I don’t know about you, but between phone calls and television commercials, I have seen my quota in media with the upcoming election. How can we use this important event to assist our children in developing higher level thinking skills for their future as citizens, without bringing our own views and opinions into place in the classroom? The following is an article about the use and creation of (political)cartoons in the classroom to develop thinking and creativity.
Political Cartoons- A Teaching Strategy
Bob, an eighth grade student, loves art—so much so that he sometimes gets in trouble for doodling in class. His mom may not be too happy about that. But she is happy that his teacher was able to help him put his interests in drawing to good use by taking part in a project on political cartoons that was online and in the classroom. In assessments given to students, questions will include document based-questions—otherwise known as DBQs—that require students to analyze and synthesize primary source documents, like political cartoons.
Political cartoons in the classroom can help kids express themselves, develop their thinking skills, and explore their artistic sides. Cartoons can be important tools in helping teachers talk to their students about politics and world affairs. Students may have a different frame of reference than adults. Most of us don’t think twice when a cartoonist draws a donkey our mind shifts to a Democrat. But a student, might wonder, “Why do they use donkeys in a cartoon?” Classroom discussions will try to see into the mind of the cartoonist and interpret what he or she is trying to say. Students can use higher level thinking skills. A student may inquire, “Where is he or she coming from? What’s their perspective? Students will need to research and analyze to find out answers.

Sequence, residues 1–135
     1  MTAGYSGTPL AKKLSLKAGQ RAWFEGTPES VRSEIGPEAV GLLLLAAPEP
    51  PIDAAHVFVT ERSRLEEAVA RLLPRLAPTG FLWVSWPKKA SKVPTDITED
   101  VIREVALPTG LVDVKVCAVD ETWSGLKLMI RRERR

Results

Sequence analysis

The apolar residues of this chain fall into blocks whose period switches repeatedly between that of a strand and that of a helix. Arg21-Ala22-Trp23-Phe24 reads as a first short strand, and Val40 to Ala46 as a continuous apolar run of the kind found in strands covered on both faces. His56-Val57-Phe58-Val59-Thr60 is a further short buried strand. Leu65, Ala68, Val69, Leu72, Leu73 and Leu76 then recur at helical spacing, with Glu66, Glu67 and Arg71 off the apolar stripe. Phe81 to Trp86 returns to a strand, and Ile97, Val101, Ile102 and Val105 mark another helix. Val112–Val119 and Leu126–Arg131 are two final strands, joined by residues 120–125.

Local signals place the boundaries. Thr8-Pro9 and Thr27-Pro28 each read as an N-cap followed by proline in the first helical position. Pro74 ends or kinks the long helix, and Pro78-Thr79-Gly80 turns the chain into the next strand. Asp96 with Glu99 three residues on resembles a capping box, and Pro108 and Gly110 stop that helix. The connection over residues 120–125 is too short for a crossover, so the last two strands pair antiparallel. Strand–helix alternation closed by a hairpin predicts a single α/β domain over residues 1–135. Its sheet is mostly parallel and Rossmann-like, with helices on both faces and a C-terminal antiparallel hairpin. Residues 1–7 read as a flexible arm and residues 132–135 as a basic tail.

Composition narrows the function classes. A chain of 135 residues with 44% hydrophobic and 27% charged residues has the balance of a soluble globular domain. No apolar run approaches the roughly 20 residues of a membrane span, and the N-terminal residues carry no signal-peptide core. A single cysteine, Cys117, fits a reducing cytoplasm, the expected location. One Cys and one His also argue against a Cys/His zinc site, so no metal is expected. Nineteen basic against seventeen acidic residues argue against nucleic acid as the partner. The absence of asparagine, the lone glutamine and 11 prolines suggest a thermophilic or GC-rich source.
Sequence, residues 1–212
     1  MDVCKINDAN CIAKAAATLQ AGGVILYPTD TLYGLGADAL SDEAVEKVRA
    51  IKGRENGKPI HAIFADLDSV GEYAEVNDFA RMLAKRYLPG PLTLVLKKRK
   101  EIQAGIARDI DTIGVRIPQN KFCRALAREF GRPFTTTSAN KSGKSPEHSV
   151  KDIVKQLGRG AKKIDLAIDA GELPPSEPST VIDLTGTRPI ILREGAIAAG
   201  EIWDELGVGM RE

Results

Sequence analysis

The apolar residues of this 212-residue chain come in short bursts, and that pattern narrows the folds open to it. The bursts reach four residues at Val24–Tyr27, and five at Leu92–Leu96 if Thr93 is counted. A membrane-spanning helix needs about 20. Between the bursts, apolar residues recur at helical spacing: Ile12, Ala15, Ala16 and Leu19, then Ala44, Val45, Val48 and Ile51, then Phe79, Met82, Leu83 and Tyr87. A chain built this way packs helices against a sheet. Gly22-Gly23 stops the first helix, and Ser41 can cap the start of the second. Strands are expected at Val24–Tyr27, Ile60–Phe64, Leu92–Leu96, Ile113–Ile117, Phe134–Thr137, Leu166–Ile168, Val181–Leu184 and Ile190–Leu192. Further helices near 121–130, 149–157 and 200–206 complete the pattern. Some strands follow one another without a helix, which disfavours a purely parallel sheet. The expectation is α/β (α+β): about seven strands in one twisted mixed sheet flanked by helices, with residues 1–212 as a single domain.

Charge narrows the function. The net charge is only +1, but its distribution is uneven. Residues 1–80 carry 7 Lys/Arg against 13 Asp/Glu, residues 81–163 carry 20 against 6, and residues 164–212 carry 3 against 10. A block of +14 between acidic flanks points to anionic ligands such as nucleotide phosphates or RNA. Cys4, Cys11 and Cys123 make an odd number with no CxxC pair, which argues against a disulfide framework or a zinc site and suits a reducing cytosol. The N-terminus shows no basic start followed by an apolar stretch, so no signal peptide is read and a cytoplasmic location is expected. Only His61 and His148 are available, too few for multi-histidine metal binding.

Younger students can create cartoons that focus on topics they understand or want to learn more about, such as making friends to joining sports. They can become more familiar with symbols in cartoons and how they often represent other things. A shark, for example, could refer to a sports team, or someone out to make money at another’s expense.
Based on his experience with the political cartoon project, thirteen-year-old Bob believes political cartoons are a good way to help kids his age talk and become more engaged in current events, such as the conflicts in the Middle East.
Information taken from the following resources •Tips for getting kids reading newspapers are available from Newspapers in Education. •Connect for Kids’ ‘Uncle Sam’s Kids •Connect for Kids’Pop Culture